Asked if Mt. Royal is finished acquiring Downtown Racine properties, Ryan replied, “We’re definitely going to slow down and work what we have, for sure. Now, if the right opportunity arrives, we’re always going to look at everything; we’re real estate investors.”

“We’re real-estate investors, but we’re really into business, and a lot of what we’re working on here is: Try to get good and stable businesses to this Downtown.” Tim Ryan, Mt. Royal Investments

Body of missing Racine man found in Michigan

RACINE — The body of a 59-year-old Racine man who disappeared while fishing at the north pier last month has washed up in South Haven, Mich., and been identified as Daniel Sprecksel.

Racine police announced Friday morning that a missing-person report on Sprecksel had been filed Oct. 13. At that time, family members of Sprecksel said he had gone fishing by the north pier on Lake Michigan that day but had not returned home. Some of Sprecksel’s fishing gear was found, but there was no sign of Sprecksel.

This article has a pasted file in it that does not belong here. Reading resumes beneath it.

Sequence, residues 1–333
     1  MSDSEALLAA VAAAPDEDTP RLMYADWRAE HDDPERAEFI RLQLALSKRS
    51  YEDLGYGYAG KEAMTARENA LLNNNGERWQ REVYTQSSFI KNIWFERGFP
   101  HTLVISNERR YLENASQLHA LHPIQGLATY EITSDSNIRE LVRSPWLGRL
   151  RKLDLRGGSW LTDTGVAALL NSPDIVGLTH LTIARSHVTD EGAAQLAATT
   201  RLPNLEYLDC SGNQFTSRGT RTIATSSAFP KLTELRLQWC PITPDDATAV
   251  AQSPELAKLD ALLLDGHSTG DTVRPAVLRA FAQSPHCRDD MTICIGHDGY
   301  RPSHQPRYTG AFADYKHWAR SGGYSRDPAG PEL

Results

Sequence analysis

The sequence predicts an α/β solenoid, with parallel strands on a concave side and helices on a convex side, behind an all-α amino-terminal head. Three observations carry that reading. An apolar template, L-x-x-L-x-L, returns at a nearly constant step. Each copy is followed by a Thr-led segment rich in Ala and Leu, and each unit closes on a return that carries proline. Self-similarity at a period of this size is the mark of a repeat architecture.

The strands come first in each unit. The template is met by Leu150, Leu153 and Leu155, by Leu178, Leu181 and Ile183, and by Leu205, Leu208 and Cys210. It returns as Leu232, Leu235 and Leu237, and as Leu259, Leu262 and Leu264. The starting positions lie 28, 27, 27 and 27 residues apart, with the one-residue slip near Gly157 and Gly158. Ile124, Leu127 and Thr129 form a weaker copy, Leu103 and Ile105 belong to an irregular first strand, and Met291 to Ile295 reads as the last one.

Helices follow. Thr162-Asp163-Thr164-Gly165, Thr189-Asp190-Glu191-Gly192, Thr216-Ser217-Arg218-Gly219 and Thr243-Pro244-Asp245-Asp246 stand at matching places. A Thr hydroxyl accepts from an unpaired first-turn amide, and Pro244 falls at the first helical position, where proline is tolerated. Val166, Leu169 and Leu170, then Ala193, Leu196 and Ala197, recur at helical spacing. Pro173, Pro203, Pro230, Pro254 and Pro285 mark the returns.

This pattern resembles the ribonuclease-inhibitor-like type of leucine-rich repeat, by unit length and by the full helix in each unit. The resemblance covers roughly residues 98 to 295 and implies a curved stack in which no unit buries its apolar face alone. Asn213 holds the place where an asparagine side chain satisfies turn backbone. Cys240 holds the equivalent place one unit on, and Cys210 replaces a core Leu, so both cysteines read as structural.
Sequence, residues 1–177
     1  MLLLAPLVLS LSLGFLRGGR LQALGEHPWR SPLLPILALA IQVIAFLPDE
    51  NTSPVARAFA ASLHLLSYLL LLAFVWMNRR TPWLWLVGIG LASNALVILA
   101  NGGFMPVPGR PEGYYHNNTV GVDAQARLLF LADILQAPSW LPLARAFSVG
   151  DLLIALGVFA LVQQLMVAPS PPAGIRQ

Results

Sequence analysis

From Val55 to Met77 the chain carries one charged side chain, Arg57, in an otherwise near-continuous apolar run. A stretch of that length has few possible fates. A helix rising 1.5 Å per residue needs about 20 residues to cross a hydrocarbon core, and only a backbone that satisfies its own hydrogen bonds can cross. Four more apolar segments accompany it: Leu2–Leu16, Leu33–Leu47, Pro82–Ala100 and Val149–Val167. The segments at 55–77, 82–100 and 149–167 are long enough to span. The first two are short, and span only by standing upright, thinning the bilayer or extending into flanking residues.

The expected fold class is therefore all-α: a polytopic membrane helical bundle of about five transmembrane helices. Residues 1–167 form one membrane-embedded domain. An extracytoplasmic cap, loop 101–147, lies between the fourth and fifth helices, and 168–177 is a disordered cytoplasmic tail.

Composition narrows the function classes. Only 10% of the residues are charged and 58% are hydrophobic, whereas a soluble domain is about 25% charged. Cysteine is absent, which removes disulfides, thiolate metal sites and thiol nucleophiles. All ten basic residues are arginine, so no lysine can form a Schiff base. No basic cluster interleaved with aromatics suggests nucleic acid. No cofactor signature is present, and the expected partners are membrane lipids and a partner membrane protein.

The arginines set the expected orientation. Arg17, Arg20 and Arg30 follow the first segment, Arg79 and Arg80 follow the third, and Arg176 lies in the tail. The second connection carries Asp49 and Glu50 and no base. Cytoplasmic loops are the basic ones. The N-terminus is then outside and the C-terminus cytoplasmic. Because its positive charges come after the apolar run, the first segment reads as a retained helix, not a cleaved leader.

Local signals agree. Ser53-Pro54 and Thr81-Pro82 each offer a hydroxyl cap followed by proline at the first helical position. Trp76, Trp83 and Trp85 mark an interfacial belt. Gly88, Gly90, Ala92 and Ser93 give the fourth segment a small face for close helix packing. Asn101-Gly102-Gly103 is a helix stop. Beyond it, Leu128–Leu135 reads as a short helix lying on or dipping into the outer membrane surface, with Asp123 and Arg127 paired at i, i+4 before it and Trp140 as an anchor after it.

On Wednesday, Michigan state troopers were called to the Lake Michigan shoreline in South Haven for a body found in the water. The body has been identified as Sprecksel. Preliminary results showed no sign of injury or trauma.

South Haven is located north of Benton Harbor and south of Saugatuck.

Racine County Medical Examiner Mike Payne said that Sprecksel’s body washed up in Allegan County, Mich., which is straight across Lake Michigan from Racine. By sheer coincidence, he said, Sprecksel had a relative who lives in Jackson County, Michigan (about 80 miles further inland) and who heard a news report about a body being found.

The relative then went to the authorities and said that a relative had gone missing in Racine — which gave investigators an immediate lead. Sprecksel had some industrial injuries on his body, which Payne said made identification easy.

No other information was released Friday.